In this month’s recap: the emerging coronavirus reins in the bulls on Wall Street, trade deals make headlines, the United Kingdom makes its Brexit, and confident U.S. households help the economy keep its pace.
Monthly Economic Update
Presented by John Glowacz & Jim Donewald, February 2020
THE MONTH IN BRIEF
Early January gains gave way to late January losses as the coronavirus emerged as a global health concern, and correspondingly, a concern for the investment markets. The S&P 500 ended up retreating 0.16% for the month. The coronavirus outbreak was just one of the big stories in January: President Trump signed one trade deal while Congress approved another, Brexit occurred, oil prices temporarily jumped as tensions between America and Iran heightened, and stocks hit record highs again.1
DOMESTIC ECONOMIC HEALTH
On January 15, President Donald Trump and Chinese Vice-Premier Liu He signed the phase-one trade deal between the U.S. and China. The U.S. agreed to cut the existing 15% tariffs in half on certain Chinese goods, with the possibility of dismissing or reducing other import taxes on Chinese products in the coming months. China agreed to buy more U.S. crops, hard goods, and fuels, and to police counterfeiting of U.S. products and intellectual property to a greater degree. By mid-February, China is supposed to unveil an “action plan” for better intellectual property protection to U.S. trade officials.2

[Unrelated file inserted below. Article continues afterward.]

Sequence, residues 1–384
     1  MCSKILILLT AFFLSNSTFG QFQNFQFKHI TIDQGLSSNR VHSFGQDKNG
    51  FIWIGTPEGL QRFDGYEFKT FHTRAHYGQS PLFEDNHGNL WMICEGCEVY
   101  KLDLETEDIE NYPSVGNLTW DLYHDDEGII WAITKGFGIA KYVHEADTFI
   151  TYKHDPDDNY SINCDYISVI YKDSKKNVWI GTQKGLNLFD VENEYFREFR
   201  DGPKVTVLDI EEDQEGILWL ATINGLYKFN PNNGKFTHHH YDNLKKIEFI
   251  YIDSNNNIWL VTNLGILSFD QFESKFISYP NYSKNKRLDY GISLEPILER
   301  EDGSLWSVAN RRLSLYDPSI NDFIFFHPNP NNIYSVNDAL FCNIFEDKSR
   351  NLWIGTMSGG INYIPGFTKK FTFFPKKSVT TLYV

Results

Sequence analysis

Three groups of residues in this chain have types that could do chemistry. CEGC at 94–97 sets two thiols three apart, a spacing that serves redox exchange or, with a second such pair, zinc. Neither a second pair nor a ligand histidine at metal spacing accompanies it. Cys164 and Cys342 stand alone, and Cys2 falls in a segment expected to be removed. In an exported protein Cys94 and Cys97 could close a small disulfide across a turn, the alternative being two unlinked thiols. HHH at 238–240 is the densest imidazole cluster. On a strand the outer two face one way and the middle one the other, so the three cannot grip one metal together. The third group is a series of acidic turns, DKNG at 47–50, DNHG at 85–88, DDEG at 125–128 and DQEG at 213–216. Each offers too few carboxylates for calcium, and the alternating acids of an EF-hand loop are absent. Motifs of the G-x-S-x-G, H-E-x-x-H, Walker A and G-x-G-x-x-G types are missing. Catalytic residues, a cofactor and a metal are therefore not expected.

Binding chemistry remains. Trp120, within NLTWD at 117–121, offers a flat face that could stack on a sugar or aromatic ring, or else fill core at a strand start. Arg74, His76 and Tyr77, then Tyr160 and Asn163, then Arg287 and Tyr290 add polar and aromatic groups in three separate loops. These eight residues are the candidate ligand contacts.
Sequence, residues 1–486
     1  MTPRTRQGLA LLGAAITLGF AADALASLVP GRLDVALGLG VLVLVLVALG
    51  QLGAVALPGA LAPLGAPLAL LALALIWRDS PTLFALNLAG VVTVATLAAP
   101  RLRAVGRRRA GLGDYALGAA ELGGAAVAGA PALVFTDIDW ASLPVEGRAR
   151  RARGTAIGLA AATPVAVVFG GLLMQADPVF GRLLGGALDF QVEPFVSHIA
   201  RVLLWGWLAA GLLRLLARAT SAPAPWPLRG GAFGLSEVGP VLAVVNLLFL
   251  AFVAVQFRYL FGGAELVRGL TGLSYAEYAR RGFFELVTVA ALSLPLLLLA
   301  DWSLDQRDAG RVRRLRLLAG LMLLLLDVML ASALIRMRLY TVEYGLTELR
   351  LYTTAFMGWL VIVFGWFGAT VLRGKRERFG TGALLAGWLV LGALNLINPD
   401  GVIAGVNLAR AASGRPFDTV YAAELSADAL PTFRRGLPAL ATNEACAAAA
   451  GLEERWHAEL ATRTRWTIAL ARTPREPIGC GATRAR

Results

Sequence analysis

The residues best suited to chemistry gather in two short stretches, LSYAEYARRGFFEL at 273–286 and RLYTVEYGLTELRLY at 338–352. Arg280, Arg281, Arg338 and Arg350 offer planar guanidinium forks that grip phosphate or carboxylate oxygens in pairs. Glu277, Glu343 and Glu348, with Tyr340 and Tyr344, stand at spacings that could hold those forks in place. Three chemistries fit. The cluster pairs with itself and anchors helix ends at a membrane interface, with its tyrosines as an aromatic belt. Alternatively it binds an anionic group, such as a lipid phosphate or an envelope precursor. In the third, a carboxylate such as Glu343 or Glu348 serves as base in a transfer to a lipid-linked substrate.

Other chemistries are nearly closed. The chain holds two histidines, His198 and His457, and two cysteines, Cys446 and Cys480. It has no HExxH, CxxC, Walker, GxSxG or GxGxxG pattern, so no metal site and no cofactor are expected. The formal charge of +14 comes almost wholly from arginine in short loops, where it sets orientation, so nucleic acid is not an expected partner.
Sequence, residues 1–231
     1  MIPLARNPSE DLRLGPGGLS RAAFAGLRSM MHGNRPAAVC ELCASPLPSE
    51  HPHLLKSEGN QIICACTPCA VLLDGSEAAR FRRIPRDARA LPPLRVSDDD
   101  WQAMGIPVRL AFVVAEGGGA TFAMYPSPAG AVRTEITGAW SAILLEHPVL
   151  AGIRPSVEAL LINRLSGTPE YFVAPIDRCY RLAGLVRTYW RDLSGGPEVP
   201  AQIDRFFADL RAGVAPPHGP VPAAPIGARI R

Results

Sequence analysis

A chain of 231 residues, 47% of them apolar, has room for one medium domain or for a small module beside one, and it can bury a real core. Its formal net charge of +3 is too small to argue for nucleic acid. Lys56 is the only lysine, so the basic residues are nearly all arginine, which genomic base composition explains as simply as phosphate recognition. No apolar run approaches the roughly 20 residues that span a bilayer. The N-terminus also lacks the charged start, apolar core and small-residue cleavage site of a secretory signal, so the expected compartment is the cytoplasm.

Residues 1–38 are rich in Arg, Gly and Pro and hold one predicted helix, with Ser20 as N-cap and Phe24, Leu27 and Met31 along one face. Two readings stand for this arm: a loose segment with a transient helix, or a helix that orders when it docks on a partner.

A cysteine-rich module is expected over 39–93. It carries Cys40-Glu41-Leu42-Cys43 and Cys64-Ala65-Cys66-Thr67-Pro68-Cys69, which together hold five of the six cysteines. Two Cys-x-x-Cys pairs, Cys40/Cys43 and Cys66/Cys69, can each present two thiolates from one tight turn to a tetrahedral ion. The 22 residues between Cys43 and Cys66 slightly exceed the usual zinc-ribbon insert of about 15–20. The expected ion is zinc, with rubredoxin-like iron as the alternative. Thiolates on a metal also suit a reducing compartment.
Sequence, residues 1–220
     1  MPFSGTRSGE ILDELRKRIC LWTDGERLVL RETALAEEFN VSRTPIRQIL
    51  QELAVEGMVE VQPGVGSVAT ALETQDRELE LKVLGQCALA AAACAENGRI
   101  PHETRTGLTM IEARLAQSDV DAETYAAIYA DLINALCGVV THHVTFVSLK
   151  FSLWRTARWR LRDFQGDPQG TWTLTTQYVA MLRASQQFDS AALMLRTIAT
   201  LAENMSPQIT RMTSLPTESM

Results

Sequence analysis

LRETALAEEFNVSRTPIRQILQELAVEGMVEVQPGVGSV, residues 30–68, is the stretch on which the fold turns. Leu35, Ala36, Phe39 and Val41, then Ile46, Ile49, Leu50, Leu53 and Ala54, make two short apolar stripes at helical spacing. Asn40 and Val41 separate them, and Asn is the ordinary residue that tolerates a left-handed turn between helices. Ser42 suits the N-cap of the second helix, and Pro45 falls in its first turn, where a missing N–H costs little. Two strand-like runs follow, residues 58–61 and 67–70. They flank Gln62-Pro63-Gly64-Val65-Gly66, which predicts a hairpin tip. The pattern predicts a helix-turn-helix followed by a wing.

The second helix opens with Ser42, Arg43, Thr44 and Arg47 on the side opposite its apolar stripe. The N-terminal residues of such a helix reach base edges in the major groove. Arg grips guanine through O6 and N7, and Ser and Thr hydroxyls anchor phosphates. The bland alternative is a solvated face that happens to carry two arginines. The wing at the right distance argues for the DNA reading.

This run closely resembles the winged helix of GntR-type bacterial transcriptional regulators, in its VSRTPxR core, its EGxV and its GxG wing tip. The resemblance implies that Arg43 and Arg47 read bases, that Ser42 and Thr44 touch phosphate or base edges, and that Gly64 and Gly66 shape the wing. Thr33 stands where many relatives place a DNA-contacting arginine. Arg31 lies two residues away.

The Senate passed the U.S.-Mexico-Canada Agreement (USMCA), and President Trump signed it into law on January 29. Mexico has also approved the USMCA; if Canada does so, it will be finalized and take effect in 90 days. Intended as a replacement for the North American Free Trade Agreement (NAFTA), the USMCA would boost wages for auto industry workers in all three countries and make auto manufacturing more reliant on parts made in the west. The USMCA would also extend and broaden copyright terms in the digital age.3